Senator Antonio Trillanes IV, who stayed in the custody of the Senate for 25 days after President Rodrigo Duterte revoked the amnesty granted to him by the previous administration in connection with the 2003 Oakwood Mutiny and 2007 Hotel Peninsula Siege, finally came home Saturday.
But he immediately said he would return to the Senate on Monday and would follow up on his pending
resolutions against Solicitor General Jose Calida, Special Assistant to the President Christopher Go and Duterte’s alleged involvement in illegal drugs.
Trillanes was leading a Senate investigation into a Calida family-owned security agency which had landed several lucrative government contracts.
The senator had also filed a resolution seeking a Senate probe on possible conflict of interest arising from government contracts obtained by the kin of government employees and officials, particularly that of Go.
At the same time, Trillanes continued to criticize the “double-standard” Duterte’s war on drugs.
Trillanes left the Senate at 10 am and arrived at his home in Antipolo City around 11:30 am, a day after a Makati City regional trial court judge deferred ruling on the issuance of arrest and hold departure order in connection with his non-bailable case of coup d’etat.
“This journey has been up and down, like a rollercoaster. It’s a huge relief that I got to see my family and our house,” Trillanes told members of the media who tailed his service vehicle all the way from the Senate in Pasay City to Antipolo.
The senator also showed to reporters a laminated copy of his certificate of amnesty issued to him by former President Benigno Aquino III in January 2011.
“This was laminated and yet they are asking for my application form. That’s crazy. This will not be given if I did not apply [for amnesty], It’s common sense but the administration of President Duterte has no common sense,” said Trillanes, who was welcomed by his family, close friend Magdalo Party-list Rep. Gary Alejano, and his pet dog Bruno.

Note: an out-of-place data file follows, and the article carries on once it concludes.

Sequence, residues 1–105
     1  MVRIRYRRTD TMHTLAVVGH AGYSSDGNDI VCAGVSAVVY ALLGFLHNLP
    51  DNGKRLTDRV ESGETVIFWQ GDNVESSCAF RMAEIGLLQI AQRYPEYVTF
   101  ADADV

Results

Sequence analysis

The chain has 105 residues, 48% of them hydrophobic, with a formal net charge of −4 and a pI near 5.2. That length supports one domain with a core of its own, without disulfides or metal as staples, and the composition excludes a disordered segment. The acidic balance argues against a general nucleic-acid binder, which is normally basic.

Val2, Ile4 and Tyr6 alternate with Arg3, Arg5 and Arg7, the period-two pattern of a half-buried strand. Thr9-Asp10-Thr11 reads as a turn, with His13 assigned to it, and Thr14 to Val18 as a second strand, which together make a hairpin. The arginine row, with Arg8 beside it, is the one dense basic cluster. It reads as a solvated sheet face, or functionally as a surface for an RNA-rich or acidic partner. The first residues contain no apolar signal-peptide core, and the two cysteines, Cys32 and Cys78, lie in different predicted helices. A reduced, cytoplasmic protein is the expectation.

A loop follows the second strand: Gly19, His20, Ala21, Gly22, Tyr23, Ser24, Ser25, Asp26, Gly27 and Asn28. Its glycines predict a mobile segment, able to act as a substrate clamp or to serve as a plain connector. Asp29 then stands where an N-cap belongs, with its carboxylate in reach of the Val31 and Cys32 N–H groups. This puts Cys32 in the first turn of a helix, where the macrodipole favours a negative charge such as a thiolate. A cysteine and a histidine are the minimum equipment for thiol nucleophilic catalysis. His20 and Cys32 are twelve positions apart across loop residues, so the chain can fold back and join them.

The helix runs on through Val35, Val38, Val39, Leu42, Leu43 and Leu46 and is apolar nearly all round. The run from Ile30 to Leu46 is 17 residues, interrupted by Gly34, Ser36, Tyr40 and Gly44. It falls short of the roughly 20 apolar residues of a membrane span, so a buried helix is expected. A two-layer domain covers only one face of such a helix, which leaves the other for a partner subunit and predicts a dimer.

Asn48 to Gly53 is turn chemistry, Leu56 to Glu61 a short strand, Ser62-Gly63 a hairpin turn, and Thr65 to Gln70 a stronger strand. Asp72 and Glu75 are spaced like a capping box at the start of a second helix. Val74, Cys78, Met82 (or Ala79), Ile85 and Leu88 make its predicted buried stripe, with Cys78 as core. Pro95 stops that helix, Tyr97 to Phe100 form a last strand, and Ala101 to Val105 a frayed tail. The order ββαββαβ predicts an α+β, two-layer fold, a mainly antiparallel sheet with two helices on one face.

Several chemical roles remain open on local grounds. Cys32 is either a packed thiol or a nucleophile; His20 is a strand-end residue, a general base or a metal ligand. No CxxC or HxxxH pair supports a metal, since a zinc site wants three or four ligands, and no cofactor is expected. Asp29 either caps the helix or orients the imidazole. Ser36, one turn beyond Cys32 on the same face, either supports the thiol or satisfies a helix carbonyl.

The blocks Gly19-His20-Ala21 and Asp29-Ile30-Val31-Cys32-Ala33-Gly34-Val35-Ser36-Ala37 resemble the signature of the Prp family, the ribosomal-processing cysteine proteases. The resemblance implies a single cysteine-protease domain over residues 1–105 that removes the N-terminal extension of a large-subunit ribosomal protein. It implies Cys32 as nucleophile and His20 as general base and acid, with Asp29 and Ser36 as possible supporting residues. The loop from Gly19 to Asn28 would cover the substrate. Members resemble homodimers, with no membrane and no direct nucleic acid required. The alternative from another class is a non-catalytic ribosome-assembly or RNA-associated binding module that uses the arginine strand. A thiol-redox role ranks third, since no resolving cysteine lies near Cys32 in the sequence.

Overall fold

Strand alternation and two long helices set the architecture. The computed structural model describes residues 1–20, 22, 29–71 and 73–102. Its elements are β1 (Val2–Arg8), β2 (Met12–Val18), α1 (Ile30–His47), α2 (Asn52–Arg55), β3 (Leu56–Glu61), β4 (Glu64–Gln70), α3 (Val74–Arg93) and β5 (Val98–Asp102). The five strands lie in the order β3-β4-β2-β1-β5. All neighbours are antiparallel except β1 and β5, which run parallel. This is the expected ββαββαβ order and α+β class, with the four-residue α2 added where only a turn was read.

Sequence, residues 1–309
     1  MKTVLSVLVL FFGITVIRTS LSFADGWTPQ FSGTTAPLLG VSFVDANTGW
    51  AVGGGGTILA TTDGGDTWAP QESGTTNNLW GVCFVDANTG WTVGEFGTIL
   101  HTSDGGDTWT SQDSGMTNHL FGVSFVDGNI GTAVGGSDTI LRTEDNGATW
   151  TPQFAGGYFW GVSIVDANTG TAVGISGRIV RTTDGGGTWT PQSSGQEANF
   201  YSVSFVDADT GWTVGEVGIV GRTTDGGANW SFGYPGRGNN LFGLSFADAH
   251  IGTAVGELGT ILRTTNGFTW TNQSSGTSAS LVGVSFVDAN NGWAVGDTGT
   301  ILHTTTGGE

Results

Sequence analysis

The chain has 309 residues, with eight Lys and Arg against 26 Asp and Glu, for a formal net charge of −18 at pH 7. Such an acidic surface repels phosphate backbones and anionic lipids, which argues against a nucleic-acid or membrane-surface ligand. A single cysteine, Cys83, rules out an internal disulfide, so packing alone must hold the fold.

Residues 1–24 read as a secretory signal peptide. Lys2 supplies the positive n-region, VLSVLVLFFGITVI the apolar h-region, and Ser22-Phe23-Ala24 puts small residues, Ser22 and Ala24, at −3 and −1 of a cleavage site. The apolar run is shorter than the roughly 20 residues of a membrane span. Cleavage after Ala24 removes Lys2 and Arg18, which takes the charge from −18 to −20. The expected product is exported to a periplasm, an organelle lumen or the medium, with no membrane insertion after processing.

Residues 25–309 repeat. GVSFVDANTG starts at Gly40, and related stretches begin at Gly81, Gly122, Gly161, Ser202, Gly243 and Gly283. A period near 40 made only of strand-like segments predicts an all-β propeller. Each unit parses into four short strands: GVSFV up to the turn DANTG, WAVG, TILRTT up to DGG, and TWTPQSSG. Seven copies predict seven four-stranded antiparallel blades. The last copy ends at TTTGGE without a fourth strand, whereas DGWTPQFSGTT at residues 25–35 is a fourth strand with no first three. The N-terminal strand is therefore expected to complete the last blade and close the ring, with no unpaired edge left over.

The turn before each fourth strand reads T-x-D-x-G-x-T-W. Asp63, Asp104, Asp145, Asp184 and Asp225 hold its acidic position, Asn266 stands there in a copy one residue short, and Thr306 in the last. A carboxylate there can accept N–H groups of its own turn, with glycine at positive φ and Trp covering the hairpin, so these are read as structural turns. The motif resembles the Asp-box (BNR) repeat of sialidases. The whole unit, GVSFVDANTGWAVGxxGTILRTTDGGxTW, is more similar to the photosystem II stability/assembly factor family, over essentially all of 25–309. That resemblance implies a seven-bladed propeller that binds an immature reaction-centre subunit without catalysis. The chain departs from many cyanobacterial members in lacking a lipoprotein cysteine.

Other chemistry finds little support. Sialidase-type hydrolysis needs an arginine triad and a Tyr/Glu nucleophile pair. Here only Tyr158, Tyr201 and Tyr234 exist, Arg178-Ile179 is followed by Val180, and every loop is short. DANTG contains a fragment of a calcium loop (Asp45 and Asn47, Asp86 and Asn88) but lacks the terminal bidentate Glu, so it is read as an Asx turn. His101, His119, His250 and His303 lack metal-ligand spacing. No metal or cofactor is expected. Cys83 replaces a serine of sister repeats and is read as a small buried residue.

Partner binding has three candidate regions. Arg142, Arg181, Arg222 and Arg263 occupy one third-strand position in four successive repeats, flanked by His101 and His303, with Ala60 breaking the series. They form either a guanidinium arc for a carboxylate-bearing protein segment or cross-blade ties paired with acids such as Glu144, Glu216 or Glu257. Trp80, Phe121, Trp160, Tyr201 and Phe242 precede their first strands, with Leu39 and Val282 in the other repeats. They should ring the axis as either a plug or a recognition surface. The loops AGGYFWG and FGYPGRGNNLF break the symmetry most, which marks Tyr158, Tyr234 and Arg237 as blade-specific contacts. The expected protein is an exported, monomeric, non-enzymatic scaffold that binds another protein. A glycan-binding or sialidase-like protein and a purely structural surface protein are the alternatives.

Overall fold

The military-man turned politician and known critic of Duterte also expressed relief upon arrival at his house, saying it was the completion of what he called a “political miracle.”
“I attribute that to all those who prayed for my welfare and safety. I thanked (sic) all of you,” said Trillanes who had bared threats to his family while he was staying at the Senate for nearly one month.
Makati RTC branch 150 Judge Elmo Alameda recently issued a warrant of arrest and a hold departure order against Trillanes for the rebellion case filed against him for his involvement in the 2003 Oakwood Mutiny. Trillanes posted P200,000 bail.
On Friday, Makati RTC branch 148 Judge Andres Bartolome Soriano deferred ruling on the issuance of arrest and hold departure order, and set a Friday (Oct. 5) hearing on the separate case of coup d’etat relative to his participation in the 2007 Hotel Peninsula Siege which is non-bailable.
Trillanes said he would make the most out of his temporary victory.
Alameda gave the orders, 21 days after Duterte signed Proclamation No. 572, which stated that Trillanes had no pending application for amnesty.
Soriano, on the other hand, ordered government prosecutors and the camp of Trillanes’ to submit evidence and set a hearing for 9 am on Oct. 5.
“Without necessarily reopening the case or giving due course” to the prosecution’s motion, Soriano said, the parties were given a chance to present evidence on:
• Whether or not Trillanes filed the requisite application for amnesty under Proclamation 75 before he was granted amnesty in 2011, and
• Whether or not there was an admission of guilt on his part at the time he applied for and was granted amnesty.
Malacañang, for its part, said it respected the Makati court’s deferment of the ruling on the bid for the issuance of an arrest warrant and hold departure order against Trillanes.
“That is [a] court decision which we respect and defer to,” Presidential Spokesperson Harry Roque said in a text message to reporters.
State prosecutors earlier asked the court to order Trillanes’ arrest and prevent him from leaving the country, saying the nullification of his amnesty meant that the case against the senator must be pursued.
Last month, Duterte voided the amnesty granted by his predecessor to Trillanes for his alleged failure to file an application form and admit guilt for his crime.
Prosecutors said the rebellion charges filed against Trillanes had yet to be terminated by the court despite the issuance of Proclamation No. 75 issued by former President Aquino which granted him amnesty.
Trillanes, a former Navy lieutenant, was among those who led mutiny in Oakwood Premiere Hotel in Makati City on July 27, 2003 and the Manila Peninsula siege on Nov. 29, 2007.